The industry has been buzzing this year about the growing sport of marathon television watching, popularly coined as binge viewing. Binge viewing is defined as consuming three or more episodes of a television series in one sitting. And like it or loathe it, the industry has to pay attention. In 2009 television series compromised 20% of Netflix online business. Three years later, Netflix has more than 23 million subscribers and TV comprises 60% of the company’s available online content. Among the most highly binge-viewed television shows on the platform, such as “Breaking Bad,” up to 85% of the series viewers tend to plow through an entire season in one sitting.
Content creators should take note. Watching a series in a condensed time period invariably changes the viewer’s relationship with the characters, or alters the carefully designed flow of a story arc. Some series are more suited for binge viewing than others; in fact, many viewers prefer to binge on shows with multiple central characters and highly complicated plots. Fans have rekindled new relationships with older series via binging, and more obscure programming has landed in the laps of entirely new audiences. A quick Internet search even provides a number of recommendations for Best Binge Drama, Binge Comedy, Binge Miniseries, and so on.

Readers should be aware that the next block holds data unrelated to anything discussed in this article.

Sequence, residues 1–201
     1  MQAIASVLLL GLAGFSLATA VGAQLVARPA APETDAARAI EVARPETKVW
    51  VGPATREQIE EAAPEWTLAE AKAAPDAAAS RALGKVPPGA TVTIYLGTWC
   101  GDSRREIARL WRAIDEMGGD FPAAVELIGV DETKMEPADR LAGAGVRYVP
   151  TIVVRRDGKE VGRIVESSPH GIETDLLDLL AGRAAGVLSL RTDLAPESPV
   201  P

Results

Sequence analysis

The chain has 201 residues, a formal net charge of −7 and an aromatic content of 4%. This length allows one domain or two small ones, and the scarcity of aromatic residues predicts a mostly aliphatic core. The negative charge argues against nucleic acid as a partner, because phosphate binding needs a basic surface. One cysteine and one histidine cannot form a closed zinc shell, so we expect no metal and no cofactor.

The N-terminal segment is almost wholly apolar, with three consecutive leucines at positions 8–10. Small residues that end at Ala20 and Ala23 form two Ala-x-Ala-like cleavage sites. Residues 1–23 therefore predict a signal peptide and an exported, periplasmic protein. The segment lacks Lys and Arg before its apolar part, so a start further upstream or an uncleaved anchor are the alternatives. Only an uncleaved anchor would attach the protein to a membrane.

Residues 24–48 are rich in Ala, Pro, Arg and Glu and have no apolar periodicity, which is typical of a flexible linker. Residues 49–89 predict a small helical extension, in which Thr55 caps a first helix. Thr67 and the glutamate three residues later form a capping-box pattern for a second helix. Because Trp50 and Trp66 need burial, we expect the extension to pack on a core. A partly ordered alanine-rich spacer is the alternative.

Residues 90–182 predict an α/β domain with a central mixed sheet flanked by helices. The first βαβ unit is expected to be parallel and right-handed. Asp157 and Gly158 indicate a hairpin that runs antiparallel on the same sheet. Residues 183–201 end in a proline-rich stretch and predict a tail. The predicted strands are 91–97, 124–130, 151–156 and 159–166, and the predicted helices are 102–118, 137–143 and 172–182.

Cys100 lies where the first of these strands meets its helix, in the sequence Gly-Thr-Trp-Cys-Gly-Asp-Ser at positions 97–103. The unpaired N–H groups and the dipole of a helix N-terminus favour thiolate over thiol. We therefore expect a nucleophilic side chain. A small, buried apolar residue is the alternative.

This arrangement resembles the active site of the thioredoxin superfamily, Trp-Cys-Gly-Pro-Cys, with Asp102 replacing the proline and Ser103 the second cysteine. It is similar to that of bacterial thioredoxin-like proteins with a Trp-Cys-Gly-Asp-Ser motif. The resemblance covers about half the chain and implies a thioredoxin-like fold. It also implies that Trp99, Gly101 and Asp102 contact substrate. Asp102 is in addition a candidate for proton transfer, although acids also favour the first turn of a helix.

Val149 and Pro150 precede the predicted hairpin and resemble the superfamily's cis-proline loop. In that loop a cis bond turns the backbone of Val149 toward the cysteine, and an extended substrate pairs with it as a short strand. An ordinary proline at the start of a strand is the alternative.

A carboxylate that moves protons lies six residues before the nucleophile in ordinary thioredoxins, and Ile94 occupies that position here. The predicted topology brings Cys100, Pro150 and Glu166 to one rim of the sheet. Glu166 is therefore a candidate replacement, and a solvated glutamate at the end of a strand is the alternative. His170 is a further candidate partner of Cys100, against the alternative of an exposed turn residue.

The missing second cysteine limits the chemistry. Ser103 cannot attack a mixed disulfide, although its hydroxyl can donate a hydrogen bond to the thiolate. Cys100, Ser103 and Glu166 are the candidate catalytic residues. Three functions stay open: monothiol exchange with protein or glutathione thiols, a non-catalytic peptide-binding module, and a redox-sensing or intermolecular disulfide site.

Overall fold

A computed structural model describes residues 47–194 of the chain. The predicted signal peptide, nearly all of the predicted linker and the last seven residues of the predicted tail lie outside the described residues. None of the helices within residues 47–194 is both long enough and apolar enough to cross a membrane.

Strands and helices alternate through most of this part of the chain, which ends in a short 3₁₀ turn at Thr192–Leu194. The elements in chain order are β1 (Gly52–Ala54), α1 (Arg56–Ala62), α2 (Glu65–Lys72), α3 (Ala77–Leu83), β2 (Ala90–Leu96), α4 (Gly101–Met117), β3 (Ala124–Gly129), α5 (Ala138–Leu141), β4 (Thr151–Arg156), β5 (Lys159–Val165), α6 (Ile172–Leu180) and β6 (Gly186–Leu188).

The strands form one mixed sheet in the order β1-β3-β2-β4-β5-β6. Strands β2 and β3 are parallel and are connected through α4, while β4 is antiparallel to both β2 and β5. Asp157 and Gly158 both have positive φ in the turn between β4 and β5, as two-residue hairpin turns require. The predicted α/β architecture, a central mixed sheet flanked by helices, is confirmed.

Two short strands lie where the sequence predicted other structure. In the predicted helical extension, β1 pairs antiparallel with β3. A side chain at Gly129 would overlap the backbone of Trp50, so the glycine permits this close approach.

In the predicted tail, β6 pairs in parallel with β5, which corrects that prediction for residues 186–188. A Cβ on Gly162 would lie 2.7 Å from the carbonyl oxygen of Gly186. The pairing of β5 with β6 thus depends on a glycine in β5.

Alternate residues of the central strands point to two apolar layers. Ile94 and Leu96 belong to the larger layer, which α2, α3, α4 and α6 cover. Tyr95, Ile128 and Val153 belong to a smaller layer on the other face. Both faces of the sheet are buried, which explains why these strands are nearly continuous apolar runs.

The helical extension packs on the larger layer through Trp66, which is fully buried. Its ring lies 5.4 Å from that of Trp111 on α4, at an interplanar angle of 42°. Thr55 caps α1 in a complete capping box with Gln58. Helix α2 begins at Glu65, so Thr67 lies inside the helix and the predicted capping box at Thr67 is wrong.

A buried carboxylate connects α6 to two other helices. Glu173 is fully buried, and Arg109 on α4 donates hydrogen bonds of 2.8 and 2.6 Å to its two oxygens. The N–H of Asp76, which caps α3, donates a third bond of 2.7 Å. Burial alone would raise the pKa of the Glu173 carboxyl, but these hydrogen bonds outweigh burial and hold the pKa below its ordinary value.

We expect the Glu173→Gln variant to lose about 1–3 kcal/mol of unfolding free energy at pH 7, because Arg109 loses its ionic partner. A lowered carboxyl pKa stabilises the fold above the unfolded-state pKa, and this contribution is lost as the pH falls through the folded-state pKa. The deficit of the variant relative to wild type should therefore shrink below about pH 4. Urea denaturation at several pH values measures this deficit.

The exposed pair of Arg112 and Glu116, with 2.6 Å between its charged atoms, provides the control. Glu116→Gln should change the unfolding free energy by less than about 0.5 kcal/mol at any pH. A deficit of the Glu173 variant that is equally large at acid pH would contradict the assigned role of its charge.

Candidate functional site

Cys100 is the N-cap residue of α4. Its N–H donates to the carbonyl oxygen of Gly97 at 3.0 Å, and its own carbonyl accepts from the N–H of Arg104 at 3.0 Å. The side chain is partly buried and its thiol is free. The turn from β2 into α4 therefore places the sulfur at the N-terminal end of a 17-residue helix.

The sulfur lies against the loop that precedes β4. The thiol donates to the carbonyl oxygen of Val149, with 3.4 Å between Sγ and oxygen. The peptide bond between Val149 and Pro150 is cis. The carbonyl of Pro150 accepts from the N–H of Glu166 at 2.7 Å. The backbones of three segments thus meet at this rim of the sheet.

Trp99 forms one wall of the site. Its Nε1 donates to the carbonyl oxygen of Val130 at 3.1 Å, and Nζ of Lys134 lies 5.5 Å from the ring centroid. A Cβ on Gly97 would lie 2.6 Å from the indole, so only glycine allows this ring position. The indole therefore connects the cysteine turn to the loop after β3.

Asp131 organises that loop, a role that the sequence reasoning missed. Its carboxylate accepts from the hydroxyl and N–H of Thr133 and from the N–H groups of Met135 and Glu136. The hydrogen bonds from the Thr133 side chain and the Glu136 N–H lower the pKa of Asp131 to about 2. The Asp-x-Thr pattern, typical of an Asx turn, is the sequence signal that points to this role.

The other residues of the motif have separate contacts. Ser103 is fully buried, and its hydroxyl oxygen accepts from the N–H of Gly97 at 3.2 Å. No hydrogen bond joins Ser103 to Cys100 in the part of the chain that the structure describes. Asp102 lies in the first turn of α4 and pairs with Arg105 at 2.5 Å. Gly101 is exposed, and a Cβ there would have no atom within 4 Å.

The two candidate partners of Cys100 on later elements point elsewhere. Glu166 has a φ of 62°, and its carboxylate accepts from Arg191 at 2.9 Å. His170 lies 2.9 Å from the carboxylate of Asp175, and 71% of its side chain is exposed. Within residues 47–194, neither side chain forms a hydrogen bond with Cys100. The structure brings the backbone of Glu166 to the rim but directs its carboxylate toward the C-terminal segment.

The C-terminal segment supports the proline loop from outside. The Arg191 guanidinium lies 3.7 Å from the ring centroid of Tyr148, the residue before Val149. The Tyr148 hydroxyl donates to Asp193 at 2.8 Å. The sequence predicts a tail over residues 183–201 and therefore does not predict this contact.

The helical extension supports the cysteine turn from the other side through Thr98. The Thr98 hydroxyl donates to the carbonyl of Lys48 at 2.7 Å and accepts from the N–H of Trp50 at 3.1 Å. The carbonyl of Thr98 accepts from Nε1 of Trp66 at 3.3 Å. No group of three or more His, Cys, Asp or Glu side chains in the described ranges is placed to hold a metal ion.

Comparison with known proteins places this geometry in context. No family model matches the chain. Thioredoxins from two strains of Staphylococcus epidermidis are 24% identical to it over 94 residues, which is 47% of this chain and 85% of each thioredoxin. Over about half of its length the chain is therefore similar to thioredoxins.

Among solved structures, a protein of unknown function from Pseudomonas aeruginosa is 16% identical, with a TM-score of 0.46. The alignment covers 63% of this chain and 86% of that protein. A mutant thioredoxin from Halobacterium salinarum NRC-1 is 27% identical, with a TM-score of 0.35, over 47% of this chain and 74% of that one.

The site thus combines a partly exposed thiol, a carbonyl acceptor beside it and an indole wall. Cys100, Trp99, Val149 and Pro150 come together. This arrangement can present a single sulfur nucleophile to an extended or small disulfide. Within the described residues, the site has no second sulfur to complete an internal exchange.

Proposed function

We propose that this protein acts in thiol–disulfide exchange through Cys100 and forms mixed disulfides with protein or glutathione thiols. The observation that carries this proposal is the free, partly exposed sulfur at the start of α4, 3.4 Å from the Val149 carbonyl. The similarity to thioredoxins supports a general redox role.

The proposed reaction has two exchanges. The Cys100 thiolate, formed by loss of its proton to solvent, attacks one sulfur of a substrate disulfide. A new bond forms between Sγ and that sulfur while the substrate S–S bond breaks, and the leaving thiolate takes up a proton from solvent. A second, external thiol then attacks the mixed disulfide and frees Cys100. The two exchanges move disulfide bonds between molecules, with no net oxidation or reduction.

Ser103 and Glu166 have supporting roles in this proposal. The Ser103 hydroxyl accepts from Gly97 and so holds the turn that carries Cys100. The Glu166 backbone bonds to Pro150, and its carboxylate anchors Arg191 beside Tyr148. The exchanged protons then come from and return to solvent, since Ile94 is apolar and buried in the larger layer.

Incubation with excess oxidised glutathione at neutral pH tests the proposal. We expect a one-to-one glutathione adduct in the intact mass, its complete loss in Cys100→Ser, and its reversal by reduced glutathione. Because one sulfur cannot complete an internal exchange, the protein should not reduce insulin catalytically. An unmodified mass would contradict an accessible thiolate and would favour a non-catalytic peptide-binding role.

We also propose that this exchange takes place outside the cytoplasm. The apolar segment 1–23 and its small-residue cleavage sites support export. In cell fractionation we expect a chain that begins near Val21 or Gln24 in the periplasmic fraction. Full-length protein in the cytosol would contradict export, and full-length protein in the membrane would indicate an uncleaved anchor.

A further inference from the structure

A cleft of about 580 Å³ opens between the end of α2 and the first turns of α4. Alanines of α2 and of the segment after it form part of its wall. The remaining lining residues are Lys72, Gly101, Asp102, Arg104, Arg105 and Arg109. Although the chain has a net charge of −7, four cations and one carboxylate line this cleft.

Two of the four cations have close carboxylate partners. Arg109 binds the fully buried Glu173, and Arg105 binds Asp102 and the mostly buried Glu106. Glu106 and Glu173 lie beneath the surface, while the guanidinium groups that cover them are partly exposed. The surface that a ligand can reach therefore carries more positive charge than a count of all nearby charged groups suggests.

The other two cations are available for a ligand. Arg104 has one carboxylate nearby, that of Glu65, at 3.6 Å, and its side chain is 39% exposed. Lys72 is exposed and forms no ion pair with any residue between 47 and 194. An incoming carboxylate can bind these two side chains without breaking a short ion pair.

While binge viewing may be completely satisfying for many content consumers, it has content producers worried. Television’s business model is highly reliant on ad revenue, but a viewer can now record several episodes and fast-forward through the commercials, or simply avoid them altogether by watching a series on DVD, or online platforms such as Amazon Prime. Why would a company choose to purchase a commercial slot for a program whose audience prefers to hoard episodes and then binge view, commercial free? It seems a new business model will soon be required.
At present, episodic TV is structured to be savored and is supported by advertizing dollars… one episode at a time, one week at a time, one season at a time. Characters develop over years and the subtle details of plotlines unfold slowly. But just as delivery paradigms have shifted, so must the design of serial entertainment. We are watching content creators test new forms of storytelling that cater to those who prefer to inhale large blocks of content at once. Likewise, content developers are experimenting with new ways for production to continue to be supported by advertizing revenue. A new business model is brewing, but it remains to be seen whether it will unfold over a long period of time, or in a quick burst.
In the mean time, what do you binge view?